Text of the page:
felt coming off the pages of that book, despite its being published some ten years after the event. But the state provided him with less dramatic grievances too. ‘Time that could be given to improving [one’s] mind is taken up with form-filling… His money is taken from him… Comforts like tobacco and alcohol may be taxed out of his reach,’ he wrote in an essay on George Orwell’s 1984 (which was something of a personal manifesto, as well as providing most of the quotations below). He resented having to fill in the 1971 census, deploring its intrusiveness and mentioning with admiration an elderly couple who had gone to jail rather than complete it. On another note, he told in his autobiography how he defied the ban on James Joyce’s Ulysses by sneaking its pages past customs attached to his body, and his experience is reflected in that of his characters, who frequently express anxiety about being searched by the authorities – Bev Jones in his novella 1985, the cruise ship’s occupants in Tremor of Intent, Mr Guthkelch in Enderby Outside. Or rather, his experience would be reflected, had the Ulysses episode not been completely made up. Andrew Biswell’s excellent biography The Real Life of Anthony Burgess dispels several shaggy dog stories that Burgess circulated about himself, and this one is among them. If Burgess was capable of fibbing, though, he at least did not need self-interest to be involved before he would side with the individual and against the state.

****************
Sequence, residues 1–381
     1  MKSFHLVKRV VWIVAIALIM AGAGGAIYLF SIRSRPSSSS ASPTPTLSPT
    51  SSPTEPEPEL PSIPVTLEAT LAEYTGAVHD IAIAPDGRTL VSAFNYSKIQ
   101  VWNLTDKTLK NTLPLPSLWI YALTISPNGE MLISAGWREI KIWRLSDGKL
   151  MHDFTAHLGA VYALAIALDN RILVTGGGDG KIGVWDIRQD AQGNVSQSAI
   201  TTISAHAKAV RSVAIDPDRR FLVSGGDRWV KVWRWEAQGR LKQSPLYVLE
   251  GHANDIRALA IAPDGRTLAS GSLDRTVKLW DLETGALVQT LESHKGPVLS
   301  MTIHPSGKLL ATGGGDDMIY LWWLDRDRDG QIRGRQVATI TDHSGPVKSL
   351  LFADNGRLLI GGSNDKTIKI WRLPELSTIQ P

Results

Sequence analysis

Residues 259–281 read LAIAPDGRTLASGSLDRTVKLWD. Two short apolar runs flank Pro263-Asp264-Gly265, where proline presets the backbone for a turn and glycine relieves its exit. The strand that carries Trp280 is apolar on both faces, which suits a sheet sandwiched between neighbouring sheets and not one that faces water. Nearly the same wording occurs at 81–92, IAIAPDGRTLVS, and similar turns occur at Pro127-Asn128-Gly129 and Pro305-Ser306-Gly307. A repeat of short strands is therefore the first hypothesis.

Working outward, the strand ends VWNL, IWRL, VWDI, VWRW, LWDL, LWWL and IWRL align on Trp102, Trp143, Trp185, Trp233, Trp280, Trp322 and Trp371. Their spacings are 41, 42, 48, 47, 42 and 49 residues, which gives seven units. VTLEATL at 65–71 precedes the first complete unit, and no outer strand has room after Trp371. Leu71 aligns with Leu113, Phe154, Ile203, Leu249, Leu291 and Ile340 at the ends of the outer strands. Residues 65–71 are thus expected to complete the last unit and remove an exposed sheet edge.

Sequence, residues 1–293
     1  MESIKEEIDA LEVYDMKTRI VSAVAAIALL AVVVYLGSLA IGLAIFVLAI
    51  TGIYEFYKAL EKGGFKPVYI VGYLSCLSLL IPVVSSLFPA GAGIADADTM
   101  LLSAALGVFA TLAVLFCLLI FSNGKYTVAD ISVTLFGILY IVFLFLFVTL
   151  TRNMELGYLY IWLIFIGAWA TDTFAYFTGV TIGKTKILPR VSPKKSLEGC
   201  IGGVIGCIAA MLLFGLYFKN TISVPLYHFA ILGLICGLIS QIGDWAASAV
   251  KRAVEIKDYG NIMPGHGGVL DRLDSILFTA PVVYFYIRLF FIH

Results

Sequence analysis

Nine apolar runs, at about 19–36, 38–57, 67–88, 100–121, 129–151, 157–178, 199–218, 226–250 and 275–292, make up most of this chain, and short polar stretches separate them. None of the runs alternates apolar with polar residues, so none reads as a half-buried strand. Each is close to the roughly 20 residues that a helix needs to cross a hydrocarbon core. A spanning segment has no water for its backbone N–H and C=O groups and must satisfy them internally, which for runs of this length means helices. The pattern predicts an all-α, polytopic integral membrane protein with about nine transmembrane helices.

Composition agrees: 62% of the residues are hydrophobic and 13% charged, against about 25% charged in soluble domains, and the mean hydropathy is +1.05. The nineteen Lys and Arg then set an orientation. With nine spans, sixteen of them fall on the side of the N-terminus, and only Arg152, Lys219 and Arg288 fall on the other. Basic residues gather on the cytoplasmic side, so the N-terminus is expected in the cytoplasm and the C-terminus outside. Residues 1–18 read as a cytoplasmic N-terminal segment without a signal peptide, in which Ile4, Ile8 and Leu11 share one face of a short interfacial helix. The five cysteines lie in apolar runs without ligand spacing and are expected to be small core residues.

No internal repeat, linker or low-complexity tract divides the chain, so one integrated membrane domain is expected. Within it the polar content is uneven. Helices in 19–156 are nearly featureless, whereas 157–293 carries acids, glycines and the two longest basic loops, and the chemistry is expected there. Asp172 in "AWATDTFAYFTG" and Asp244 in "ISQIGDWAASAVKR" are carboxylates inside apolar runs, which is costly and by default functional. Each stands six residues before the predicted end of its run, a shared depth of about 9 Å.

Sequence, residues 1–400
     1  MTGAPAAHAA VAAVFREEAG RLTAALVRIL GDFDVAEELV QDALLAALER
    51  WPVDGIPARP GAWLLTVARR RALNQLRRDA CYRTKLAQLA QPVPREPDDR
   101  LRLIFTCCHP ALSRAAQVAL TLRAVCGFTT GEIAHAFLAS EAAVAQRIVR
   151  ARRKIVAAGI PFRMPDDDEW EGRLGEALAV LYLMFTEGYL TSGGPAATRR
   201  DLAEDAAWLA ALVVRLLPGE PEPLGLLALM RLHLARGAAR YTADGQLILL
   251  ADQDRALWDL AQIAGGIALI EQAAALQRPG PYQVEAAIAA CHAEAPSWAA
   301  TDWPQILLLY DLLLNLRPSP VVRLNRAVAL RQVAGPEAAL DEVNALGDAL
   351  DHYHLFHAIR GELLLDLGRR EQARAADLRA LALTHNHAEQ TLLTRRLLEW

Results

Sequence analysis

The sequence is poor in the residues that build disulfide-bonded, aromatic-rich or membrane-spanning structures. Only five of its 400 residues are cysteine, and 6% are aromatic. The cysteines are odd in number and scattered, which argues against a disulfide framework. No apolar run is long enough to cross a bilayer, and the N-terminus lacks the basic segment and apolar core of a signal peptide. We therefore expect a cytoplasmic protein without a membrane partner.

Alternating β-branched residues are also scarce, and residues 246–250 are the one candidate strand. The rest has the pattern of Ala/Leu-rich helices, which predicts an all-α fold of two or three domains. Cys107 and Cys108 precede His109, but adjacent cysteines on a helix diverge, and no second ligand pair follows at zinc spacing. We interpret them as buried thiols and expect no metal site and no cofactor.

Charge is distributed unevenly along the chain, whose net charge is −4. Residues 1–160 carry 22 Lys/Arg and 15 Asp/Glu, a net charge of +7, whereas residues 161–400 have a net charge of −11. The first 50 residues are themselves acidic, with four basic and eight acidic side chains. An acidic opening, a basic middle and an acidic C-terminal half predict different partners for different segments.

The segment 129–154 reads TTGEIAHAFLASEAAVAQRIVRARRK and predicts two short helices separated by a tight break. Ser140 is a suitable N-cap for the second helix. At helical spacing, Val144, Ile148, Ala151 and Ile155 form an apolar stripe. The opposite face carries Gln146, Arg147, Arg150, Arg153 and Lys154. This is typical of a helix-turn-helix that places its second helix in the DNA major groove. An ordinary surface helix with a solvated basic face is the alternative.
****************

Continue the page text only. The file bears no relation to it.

And this partisanship ran deeper still. It was something close to metaphysical, having its roots in the Catholic theology of his schooling. Beauty, truth and goodness, Burgess’s argument went, are divine attributes, and so only a creature made in God’s image can be qualified to judge them: that is, only the individual human being. Moreover, no one of these qualities can be judged against any other. ‘When a political party condemns a work of art because it is false (meaning untrue to the party’s view of reality)…then we are given a most spectacular example of trespass on the individual’s right to make his own judgements,’ he wrote. He pointed to the lambasting which Orwell received for championing T.S. Eliot in Tribune, from detractors who found fault not with Eliot’s poems, merely with his opinions as a Tory. Artistic criticism based on politics is still commonplace today, identity politics especially, yet praising a work of art for its political sentiments